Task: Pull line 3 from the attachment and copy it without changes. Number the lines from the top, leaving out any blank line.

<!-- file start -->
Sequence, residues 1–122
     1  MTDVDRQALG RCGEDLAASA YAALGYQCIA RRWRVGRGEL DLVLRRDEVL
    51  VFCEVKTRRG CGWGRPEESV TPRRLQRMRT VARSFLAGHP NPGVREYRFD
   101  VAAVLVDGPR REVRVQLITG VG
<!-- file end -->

    51  VFCEVKTRRG CGWGRPEESV TPRRLQRMRT VARSFLAGHP NPGVREYRFD